3 (1.2) 885 1.5 (1.5) p < 0.05 100% Juice (times/d) 535 0.8 (1.0) 882 0.9 (1.1)
p < 0.05 a – determined by Cole . FV = Fruit and vegetable. SSB = Sugar sweetened beverage. Dietary measures Results from the 24-hour dietary recall and FFQ are provided (Table 1). Total calories and gender differed significantly between groups. When controlling for these RAD001 nmr the sport group consumed significantly more fibre, vegetable and fruit servings (independently and together) and non-flavoured milk, but a similar amount of protein, carbohydrate and sugar compared with the non-sport group. From the FFQ, the sport group consumed fruit, vegetables, non-flavoured milk and 100% juice more frequently than the non-sport group. Consumption of SSBs or sports drinks did not differ significantly between the groups. Similar proportions of sport and non-sport participants reported SSB (χ2 = .626, p = .429) and sports drink (χ2 = 1.38, p = .240) consumption on the dietary recall. Discussion The profile of children participating
in organized sport compared to those that were not MK-1775 provides new insight into the relationship between sport participation and children’s consumption of sports drinks specifically, and aspects of their overall diet generally. Contrary to previous reports on adolescents no difference was found in consumption of sports drinks or SSBs between children participating in sport and those that were not. However, similar to previous reports, children involved in sport had, on average, lower BMIs, were more physically active and had a healthier diet profile (consumed more fruit, vegetables, non-flavoured milk and fibre). Each of these will be discussed in turn. Descriptive characteristics BMI is considered by some to be a reasonable measure of adiposity in children . This study adds to a small body of literature that investigated the relationship between sport participation and BMI in children. Based on BMI, higher proportions of overweight and obesity were seen in this study (29.8% overweight or obese) compared to Canadian children measured in the 2004 Canadian Community Health Survey (CCHS; 25.8% overweight or obese)  but in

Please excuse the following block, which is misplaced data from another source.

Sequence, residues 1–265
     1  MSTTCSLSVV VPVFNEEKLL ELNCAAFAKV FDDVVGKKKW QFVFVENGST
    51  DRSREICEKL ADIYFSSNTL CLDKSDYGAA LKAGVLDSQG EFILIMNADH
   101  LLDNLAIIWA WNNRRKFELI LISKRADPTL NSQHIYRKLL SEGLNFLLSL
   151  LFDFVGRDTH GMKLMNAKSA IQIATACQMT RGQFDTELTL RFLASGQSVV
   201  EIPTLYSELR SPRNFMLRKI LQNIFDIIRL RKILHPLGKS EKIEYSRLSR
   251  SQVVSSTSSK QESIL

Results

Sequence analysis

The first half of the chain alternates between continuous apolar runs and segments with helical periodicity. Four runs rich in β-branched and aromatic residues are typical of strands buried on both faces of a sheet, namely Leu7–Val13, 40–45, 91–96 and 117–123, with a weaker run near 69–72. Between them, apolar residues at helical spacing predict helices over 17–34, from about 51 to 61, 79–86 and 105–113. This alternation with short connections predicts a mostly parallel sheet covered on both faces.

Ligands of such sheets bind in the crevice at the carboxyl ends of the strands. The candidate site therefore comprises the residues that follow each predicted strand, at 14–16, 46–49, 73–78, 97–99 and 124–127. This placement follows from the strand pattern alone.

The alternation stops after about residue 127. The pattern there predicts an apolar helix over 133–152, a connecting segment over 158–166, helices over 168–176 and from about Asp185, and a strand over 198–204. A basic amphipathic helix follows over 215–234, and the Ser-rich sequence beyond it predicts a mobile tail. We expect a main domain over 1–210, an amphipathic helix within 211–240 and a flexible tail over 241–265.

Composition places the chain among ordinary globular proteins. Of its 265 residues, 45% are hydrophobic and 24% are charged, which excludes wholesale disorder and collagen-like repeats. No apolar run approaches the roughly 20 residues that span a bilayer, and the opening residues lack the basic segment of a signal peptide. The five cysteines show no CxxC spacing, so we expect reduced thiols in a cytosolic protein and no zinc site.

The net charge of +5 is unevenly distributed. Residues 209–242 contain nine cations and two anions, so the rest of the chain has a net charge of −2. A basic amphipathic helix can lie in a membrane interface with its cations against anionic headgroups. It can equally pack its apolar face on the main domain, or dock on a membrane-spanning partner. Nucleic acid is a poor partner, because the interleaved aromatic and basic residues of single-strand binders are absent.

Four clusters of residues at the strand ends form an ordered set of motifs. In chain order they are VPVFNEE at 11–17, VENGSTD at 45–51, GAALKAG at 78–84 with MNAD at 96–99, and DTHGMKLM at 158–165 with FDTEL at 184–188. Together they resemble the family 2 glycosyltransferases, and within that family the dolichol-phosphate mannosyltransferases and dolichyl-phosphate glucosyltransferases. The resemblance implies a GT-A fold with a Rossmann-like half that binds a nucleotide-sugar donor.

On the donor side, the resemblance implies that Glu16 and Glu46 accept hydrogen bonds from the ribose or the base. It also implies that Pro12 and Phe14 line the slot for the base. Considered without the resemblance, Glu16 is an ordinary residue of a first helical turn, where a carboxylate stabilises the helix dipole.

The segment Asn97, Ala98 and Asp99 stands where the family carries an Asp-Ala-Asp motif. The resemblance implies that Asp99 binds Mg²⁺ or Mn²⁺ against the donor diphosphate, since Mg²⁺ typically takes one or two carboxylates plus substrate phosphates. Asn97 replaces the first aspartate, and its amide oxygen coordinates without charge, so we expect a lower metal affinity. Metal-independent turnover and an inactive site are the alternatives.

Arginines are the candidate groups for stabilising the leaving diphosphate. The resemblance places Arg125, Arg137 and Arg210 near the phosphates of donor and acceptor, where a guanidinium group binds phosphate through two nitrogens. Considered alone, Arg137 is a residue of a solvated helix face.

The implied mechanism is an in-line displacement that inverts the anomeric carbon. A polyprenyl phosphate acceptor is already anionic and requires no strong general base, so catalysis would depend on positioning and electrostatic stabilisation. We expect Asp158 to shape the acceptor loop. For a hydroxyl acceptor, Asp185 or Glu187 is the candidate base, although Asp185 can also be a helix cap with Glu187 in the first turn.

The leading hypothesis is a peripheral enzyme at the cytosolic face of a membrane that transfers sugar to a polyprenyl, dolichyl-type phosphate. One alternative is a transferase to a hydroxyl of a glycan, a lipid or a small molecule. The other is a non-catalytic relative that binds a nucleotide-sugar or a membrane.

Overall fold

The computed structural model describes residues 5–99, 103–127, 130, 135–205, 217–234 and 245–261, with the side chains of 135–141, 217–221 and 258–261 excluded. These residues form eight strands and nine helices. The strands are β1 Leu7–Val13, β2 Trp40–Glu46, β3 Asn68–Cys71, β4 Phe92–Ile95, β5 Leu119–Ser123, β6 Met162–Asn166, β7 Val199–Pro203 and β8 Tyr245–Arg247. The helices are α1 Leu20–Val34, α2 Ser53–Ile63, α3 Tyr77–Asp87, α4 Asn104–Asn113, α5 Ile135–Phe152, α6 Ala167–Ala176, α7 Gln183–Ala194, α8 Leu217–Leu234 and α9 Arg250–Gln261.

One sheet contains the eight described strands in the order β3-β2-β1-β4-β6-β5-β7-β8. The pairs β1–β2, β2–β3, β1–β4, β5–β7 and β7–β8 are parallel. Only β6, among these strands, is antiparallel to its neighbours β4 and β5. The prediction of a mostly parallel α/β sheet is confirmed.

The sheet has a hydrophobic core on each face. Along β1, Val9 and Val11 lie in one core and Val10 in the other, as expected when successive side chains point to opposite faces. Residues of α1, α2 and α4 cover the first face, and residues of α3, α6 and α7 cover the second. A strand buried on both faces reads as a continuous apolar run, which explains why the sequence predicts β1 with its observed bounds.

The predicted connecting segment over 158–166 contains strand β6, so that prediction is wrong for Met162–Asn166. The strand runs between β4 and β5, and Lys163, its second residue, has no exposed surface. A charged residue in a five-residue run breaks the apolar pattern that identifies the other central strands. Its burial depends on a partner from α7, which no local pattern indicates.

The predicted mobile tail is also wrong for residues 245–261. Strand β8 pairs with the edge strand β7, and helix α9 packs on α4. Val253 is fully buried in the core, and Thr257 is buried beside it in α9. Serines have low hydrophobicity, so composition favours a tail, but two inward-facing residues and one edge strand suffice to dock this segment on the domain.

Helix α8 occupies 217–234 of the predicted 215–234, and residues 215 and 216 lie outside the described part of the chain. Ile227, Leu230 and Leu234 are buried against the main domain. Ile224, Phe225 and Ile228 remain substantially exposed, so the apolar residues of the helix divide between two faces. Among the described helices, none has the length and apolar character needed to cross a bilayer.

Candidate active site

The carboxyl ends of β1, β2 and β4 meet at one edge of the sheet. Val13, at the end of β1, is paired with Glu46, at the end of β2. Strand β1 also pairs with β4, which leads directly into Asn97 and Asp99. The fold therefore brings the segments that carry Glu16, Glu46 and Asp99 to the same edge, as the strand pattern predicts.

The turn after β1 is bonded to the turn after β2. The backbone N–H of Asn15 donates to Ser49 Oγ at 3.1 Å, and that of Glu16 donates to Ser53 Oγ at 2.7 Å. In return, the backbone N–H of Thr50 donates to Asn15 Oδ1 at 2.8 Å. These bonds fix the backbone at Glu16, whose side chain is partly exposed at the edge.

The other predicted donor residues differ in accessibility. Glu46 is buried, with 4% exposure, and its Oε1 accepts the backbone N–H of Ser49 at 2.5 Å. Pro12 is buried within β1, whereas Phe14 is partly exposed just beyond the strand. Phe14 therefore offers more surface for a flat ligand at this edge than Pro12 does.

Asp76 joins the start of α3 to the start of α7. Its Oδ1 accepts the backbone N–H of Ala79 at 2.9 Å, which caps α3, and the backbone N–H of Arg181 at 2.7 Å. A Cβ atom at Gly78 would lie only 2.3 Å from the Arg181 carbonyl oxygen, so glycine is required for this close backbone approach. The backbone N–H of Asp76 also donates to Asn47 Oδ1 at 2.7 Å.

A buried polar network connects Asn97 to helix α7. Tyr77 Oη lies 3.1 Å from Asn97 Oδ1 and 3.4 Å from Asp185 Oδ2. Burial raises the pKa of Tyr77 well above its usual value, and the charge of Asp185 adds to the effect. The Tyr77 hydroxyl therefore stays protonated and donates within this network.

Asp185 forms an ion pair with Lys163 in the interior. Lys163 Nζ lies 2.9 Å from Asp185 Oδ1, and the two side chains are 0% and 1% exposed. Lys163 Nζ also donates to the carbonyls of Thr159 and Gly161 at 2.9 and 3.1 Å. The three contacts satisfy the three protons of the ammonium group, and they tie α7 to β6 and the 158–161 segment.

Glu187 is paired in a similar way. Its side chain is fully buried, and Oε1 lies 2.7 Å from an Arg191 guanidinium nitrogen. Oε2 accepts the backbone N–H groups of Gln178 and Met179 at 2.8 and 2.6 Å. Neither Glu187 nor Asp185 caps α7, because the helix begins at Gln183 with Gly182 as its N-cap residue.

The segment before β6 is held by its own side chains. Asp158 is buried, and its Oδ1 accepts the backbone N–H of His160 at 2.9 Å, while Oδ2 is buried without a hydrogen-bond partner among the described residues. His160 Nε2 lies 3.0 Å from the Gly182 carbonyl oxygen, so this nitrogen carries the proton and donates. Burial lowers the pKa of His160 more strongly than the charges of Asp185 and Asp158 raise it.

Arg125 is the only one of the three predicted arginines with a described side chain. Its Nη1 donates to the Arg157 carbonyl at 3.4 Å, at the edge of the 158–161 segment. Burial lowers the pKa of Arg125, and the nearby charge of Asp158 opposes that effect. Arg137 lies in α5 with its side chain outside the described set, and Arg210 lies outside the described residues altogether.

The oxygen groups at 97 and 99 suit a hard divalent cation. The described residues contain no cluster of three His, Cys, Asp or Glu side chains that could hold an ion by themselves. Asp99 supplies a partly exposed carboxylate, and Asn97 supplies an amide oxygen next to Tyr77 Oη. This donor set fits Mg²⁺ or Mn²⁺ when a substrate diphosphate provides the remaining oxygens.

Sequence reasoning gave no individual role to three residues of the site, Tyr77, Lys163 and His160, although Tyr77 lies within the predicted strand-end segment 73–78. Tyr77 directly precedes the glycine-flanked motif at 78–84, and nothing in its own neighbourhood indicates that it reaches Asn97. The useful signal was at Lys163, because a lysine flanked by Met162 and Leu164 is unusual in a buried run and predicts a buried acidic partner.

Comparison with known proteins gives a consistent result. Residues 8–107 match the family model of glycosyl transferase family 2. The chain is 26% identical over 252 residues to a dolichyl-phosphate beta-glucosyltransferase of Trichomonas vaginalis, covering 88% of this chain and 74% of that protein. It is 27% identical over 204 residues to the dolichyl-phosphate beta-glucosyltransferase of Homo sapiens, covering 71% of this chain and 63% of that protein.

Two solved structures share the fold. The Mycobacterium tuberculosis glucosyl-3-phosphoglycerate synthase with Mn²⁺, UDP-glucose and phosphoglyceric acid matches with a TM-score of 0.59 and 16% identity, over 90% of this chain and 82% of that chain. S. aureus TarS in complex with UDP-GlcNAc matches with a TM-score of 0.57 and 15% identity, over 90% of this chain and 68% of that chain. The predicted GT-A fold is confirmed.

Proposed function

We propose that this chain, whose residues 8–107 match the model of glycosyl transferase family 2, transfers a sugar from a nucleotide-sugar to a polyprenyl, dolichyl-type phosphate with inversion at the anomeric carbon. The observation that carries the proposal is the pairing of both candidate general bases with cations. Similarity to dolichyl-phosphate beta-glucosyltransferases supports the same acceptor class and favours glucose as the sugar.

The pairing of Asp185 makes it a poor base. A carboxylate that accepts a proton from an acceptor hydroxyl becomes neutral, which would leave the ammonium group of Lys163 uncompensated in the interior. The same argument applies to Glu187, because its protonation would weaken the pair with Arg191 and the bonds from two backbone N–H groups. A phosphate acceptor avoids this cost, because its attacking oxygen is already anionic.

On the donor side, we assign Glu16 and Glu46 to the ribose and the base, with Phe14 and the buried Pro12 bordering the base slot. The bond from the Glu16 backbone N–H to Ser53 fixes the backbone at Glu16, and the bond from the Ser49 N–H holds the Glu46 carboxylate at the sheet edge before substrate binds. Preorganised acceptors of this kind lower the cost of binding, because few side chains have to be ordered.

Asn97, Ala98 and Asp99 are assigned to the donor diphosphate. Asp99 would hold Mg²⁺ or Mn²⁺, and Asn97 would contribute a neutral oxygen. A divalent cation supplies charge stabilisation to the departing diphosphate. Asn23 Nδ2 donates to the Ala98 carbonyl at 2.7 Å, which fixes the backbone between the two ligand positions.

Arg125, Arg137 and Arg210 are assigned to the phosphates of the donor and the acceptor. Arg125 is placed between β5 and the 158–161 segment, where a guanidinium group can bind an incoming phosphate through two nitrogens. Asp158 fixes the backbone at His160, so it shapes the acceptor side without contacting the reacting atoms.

the present study the sport group had lower BMI (18.31 versus 19.96 kg/m2; p < 0.01) and lower rates of overweight/obesity (27.8 versus 33.3%; p <0.01) than the non-sport group. These findings align Oxalosuccinic acid with a few studies that reported that organized sport participation in children was associated with lower BMI [6, 20, 21] while contradicting other findings that found no association between sport participation and weight status . The different methods adopted across studies might partially explain these variable findings. One study used an overweight cut-off point  as was used in the present study, and another used an obesity cut-off point . For analysis some studies calculated simple correlations [6, 20] while the present study applied ANCOVA to evaluate group-based differences. Physical activity While 62.